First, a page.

Job 39:18
What time she lifteth up herself on high, she scorneth the horse and his rider.
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(18) She lifteth up herself.—That is, either from the nest when she comes to maturity, or when she sets out to run. The ostrich has a habit of running in a curve, which alone enables horsemen to overtake and kill or capture her. As in Job 39:13 a comparison seems to be drawn between the ostrich and the stork, so here, probably, the subject spoken of is the stork. Swift and powerful as the ostrich is, yet no sooner does the stork, on the contrary, rise on high into the air than she—as, indeed, any bird—can baffle the pursuit of horsemen.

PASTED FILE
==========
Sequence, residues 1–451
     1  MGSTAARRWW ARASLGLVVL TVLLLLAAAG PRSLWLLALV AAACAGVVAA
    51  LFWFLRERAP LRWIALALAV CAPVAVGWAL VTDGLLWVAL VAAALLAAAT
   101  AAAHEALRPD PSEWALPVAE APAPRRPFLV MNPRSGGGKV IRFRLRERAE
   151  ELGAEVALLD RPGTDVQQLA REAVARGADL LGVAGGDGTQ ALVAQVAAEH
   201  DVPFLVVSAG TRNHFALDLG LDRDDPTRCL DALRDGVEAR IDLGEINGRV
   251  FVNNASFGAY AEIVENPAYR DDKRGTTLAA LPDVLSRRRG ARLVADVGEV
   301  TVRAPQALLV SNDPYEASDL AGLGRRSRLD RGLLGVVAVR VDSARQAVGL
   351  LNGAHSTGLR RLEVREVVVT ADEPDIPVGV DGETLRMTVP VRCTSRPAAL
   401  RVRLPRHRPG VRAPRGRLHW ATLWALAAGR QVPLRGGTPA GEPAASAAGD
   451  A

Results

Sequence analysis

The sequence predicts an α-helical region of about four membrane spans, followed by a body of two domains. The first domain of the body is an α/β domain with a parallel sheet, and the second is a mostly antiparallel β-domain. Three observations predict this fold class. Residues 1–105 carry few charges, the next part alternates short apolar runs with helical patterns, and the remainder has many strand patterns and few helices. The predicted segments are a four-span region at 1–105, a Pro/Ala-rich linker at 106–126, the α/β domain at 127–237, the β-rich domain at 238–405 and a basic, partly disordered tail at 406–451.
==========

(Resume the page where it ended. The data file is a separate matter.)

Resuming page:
Job 39:18. What time she lifteth up herself on high — Or, as Dr. Shaw more properly renders this clause, When she raiseth herself up to run away, namely, from her pursuers. For which purpose she stretches out her neck and legs, both which are very tall, lifts up her head and body, and spreads her wings; she scorneth the horse and his rider — She despiseth them on account of her greater swiftness; for though she cannot fly, because of her great bulk, yet by the aid of her wings she runs so fast, that horsemen cannot overtake her. Xenophon says, Cyrus’s horsemen, who were able to run down wild asses and wild goats, could never take ostriches. See Bochart. “When these birds are surprised,” says Dr. Shaw, “by persons coming suddenly upon them, while feeding in some valley, or behind some rocky or sandy eminence in the deserts, they will not stay to be curiously viewed and examined. Neither are the Arabs ever dexterous enough to overtake them, even when they are mounted upon their jinse, or horses. They afford them an opportunity only of admiring at a distance their extraordinary agility, and the stateliness, likewise, of their motions, the richness of their plumage, and the great propriety there was of ascribing to them an expanded, quivering wing. Nothing, certainly, can be more beautiful and entertaining than such a sight. The wings, by their repeated, though unwearied, vibrations, equally serving them for sails and oars, while their feet, no less assisting in conveying them out of sight, are no less insensible of fatigue.” We have mentioned their great bulk, as unfitting them for flying, and shall here observe, from the Encyclop. Brit., that the “ostrich is, without doubt, the largest of all birds, being nearly eight feet in length, and, when standing upright, from six to eight feet in height. We are told, in the Gentleman’s Magazine, (vol. 20. page 356,) that two ostriches were shown in London in the year 1750, the male of which was ten feet in height, and weighed 3 cwt. and 1 qr. But, though usually seven feet high from the top of the head to the ground, from the back it is only four, so that the head and neck are above three feet long. One of the wings, without the feathers, is a foot and a half; and being stretched out with the feathers is three feet.”